Many investors regard population growth as the vital injection required for property price growth. But is this actually the case? Do you need a growing population for prices to grow? Many well established Sydney suburbs have had limited new large-scale development activity but experienced tremendous price growth.
If we look at ABS population growth and ABS price growth index over the last few years in Australia:
2010-2011 – 1.4% population growth versus -1% price growth
2011-2012 – 1.6% population growth versus 0.2% price growth
2012-2013 – 1.8% population growth versus 5.5% price growth
2013-2014 – 1.6% population growth versus 7.5% price growth
2014-2015 – 1.4% population growth versus 8.5% price growth
2015-2016 – 1.4% population growth versus 2% price growth
We can see fairly constant national population growth between 1.4%-1.8% per annum since 2010.
Price growth has moved from -1%-8.5% per annum since 2010.
Clearly there isn’t a direct link from these figures.
Do property investors confuse price growth being directly linked to population growth? What’s actually happening? A population can only grow if there are readily available dwellings to offer housing. This could explain why Victoria has been growing so rapidly over the last few years. They have been leading in new building approvals around the country.
But is this actually positive for investors prices in the short, medium and long-term? Surely having more dwellings in a given location increases the total number of dwelling options, resulting in more housing? More housing options increases supply. More supply in theory should mean greater choice. Resulting in lower prices or even oversupply. But does it? Why have prices continued to increase? Or have they? Maybe this is why in Melbourne houses have grown by more than 17% over the last year versus 5% for units. During this period the Greater Melbourne population grew by 2.4%. Whilst in Sydney houses have grown by more than 19% versus 15% for units. During this period the Greater Sydney population grew by 1.7%. Still no link?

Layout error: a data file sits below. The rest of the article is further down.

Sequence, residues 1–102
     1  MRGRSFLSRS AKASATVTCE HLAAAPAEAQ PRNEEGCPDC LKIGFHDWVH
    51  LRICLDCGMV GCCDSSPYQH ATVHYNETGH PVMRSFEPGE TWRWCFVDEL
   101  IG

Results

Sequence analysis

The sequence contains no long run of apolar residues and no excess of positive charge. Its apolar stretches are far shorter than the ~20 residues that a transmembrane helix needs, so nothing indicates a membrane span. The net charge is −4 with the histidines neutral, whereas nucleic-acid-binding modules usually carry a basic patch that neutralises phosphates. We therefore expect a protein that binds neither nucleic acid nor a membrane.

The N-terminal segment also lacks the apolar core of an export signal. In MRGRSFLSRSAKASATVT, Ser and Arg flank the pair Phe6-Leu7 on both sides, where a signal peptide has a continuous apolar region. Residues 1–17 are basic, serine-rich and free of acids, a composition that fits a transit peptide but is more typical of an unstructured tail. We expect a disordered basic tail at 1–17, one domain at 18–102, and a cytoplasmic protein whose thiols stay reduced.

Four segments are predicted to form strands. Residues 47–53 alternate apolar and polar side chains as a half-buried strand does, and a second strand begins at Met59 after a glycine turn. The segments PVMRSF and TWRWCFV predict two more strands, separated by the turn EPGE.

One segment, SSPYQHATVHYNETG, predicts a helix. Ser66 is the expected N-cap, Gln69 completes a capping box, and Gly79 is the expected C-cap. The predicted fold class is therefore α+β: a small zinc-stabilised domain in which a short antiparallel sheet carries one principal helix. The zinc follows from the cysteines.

Without new properties how can you house more people in an area with the same amount of properties? Granny flats? Additions? Extensions? Yes. But the real population increases are experienced with large housing estates and new apartment developments. This has been seen in many inner city and fringe locations in both Melbourne, Sydney and Brisbane.
Figures released by the ABS on 30/03/2017 in 3412.0 – Migration, Australia in 3218.0 – Regional Population Growth deal with some of the fastest growing regions in the country. A multitude of suburbs in Melbourne are leading the way with a few in NSW, WA and QLD following. In many of these areas there hasn’t been price growth which has kept pace with dwelling and population growth.
When investors talk about price growth, population has always been one of the vital factors. Government often talks about increasing supply to reduce demand and ease price growth. In theory this should work, but if there is a stream of new demand that can continually absorb this new supply, then price inflation caused by rising construction costs, labour and materials should continue. Inevitably we would view population growth as a small part of the story. Definitely not the total story. It’s like Frodo Baggins and Samwise Gamgee’s relationship in Lord of the Rings. A small part of a big story. It’s not the ring itself. So why has Sydney’s prices grown so rapidly? If there are 1,000 properties in an area, but 5,000 people want to live in that area, then what would happen to prices? Scarcity. It’s this reason why Sydney has grown so rapidly. A build up of demand over a number of years of relative stagnation.
Cash rates at June over the last few years:
2011 – 4.75% cash rate versus -1% price growth
2012 – 3.50% cash rate versus 0.2% price growth
2013 – 2.75% cash rate versus 5.5% price growth
2014 – 2.50% cash rate versus 7.5% price growth
2015 – 2.00% cash rate versus 8.5% price growth
2016 – 1.75% cash rate versus 2% price growth
Scarcity has contributed to making prices rise, coupled with record low cash rates (as seen above). From the above figures a much clearer link can be seen between price growth and the monthly cash rate. Clearly a trend can be seen as the cash rate reduces, prices have grown.
We would conclude population growth isn’t a direct driver of price growth. In fact a very distant link at very best. It’s scarcity of high demand housing and the cash rate, which are far more important.